Conveyancing & Property Law
Buying or selling a residential or commercial property is a big decision and a significant matter for most people. We offer many years of experience with property law and have represented both buyers and sellers of property for all legal matters.
Our team can offer assistance with property law in the following ways:
- Help you fully understand the issues involved in purchasing or selling property
- Information about the costs involved (including tax)
- Negotiating real estate contract terms and conditions
- Advice for meeting lender requirements
- Arrange searches and land enquiries
- Help you with settlement
For further information on conveyancing and property law services contact us on 02 9517 2300.
Transaction, Settlement & Post Settlement
The basic elements of a conveyance (purchase) are as follows:
- Obtaining finance;
- Reviewing the contract;
- Doing your due diligence;
- Obtaining any precontractual searches (e.g. building, pest and survey reports but this is by no means definitive or exhaustive);
- Entering into the contract and paying the deposit;
- Conducting post contractual searches;
- Arranging payment of stamp duty;
- Liaising and arranging loan with your mortgagee if you have one (wouldn’t it be nice not to need to borrow money);
- Having the transfer executed.
- Attending settlement.
Not all conveyances are the same and additional matters, searches and issues may need to be taken into account. For example buying off the plan or a strata unit will involve more things.
The conveyance is completed (this is referred to as “settlement”) on the day:
- the balance of purchase money is paid to the vendor strictly in accordance with their instructions; and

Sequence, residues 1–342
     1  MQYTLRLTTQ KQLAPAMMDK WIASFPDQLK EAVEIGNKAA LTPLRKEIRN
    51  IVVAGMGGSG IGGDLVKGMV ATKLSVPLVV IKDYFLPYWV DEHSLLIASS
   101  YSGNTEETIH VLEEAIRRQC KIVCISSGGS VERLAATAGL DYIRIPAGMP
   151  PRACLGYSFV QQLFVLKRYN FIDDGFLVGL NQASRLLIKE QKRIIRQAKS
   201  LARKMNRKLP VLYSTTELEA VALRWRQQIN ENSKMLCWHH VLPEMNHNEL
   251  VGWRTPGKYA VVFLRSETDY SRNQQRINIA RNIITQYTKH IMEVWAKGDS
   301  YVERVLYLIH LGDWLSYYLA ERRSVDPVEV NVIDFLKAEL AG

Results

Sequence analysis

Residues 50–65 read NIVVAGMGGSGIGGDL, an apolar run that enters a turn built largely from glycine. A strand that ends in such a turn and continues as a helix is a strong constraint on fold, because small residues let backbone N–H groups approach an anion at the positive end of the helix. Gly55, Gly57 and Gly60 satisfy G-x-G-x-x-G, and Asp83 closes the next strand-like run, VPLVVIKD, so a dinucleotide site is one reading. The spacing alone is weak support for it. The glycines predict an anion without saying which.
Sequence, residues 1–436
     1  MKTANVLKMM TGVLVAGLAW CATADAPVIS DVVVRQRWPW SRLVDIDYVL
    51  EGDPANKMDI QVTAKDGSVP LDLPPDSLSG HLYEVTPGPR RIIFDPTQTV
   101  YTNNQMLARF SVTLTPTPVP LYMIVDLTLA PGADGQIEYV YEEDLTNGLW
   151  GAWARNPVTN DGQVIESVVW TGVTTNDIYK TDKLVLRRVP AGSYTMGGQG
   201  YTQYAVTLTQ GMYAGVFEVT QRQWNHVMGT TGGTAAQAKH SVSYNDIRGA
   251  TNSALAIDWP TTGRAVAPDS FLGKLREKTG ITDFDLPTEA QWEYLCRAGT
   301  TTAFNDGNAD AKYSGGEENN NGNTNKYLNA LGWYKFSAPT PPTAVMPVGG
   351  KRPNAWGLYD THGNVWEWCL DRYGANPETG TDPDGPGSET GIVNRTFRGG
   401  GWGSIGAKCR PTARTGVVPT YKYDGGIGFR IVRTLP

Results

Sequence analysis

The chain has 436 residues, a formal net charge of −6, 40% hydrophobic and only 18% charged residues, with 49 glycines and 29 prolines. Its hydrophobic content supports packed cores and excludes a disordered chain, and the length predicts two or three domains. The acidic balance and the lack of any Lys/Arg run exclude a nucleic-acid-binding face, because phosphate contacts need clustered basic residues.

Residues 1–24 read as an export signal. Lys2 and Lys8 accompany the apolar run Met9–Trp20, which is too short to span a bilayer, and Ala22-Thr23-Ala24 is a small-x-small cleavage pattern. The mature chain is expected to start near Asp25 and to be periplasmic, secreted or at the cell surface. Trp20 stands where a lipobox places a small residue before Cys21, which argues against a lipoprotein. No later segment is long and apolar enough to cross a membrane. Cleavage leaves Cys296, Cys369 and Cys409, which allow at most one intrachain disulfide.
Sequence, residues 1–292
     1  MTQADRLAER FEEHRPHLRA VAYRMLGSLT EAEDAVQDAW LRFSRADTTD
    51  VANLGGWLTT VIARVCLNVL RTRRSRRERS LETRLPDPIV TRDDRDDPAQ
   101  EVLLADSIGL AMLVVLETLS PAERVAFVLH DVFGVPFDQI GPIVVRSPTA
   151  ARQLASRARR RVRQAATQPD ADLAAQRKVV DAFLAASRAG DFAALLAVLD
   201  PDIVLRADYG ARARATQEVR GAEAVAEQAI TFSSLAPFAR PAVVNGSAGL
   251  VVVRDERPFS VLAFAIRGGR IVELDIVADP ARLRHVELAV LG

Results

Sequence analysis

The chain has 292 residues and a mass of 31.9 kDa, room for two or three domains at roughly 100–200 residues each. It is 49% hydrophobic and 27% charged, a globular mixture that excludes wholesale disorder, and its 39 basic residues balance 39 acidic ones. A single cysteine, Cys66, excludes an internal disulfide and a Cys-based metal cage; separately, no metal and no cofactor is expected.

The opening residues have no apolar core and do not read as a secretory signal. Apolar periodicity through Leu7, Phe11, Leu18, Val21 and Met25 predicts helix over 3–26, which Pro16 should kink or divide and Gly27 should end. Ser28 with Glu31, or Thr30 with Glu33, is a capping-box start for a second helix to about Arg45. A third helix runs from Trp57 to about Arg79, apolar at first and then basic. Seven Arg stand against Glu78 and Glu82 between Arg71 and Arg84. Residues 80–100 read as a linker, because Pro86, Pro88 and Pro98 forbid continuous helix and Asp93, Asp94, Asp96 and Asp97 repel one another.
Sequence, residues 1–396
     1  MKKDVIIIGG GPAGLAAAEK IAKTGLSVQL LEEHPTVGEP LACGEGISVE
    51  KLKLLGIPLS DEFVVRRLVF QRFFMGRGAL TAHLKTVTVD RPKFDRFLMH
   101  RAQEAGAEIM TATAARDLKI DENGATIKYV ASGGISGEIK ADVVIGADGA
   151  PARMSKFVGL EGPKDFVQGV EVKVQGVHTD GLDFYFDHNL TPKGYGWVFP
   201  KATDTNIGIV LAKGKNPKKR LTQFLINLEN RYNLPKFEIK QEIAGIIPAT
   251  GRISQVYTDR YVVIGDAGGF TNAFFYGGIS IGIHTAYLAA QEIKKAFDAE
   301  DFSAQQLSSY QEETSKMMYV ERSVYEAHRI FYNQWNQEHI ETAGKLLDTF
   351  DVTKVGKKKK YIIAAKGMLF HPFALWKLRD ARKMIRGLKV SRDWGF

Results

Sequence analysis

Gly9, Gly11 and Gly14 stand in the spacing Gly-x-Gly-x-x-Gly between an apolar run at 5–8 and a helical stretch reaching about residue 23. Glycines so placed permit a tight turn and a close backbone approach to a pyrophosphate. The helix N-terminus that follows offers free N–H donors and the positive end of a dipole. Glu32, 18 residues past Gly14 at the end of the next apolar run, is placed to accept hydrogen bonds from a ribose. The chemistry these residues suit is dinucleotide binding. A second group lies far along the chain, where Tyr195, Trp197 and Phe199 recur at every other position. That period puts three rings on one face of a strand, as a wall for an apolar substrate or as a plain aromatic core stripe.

- The vendor has handed over all documents necessary to enable the change of ownership to be recorded with the Land and Property Information Office.
There are certain matters which need to be satisfied before the money is paid over, particularly ensuring:
- The title is not encumbered by unexpected mortgages, charges or other dealings which will continue to burden the property and may likely become your problem.
- The relevant documents including the original certificate of title, transfer form and (more often than not) discharge of mortgage are received from the vendor.
- Your bank is satisfied with the arrangements so that it will hand over the loan money to be used on settlement.
It may surprise people that legal title of the property DOES NOT pass at settlement. Legal title is only perfected on the registration of the transfer of the property from the vendor to the purchaser. If you have a mortgagee who has lent you money against the security of the property, they will insist on controlling this process so that they can also register the mortgage granted to them over the property and also hold the certificate of title once the transfer is registered.
If you are fortunate enough not to need to borrow money to buy the property, then the transfer of the legal title should be attended to at the earliest possible opportunity as there may be consequences if that process is delayed.
Various notices also will be sent to the local council and water authority to register the change of ownership.
What do I need to look out for?
Like most things in life, preparation is very important in a conveyancing transaction, particularly where you are buying. You need to have your ducks in order both from a financial and legal perspective. If these 2 things are done right, then you can hopefully look forward to a stress free purchase.
So if you find yourself at a Saturday morning auction for a property you really know little about, the contract for which you have not seen and you expect to see a mortgage broker first thing Monday morning, then you are leaving yourself exposed to unnecessary stress and financial risk.
Although more often than not, a conveyancing transaction will end up fine, it is better not to leave anything to chance. The only way to do this is to ensure that everything is done in a definite order.
Is Stamp Duty an additional cost?It is also worth noting that stamp duty is a significant cost on top of the purchase price and should also be addressed prior to signing any contract.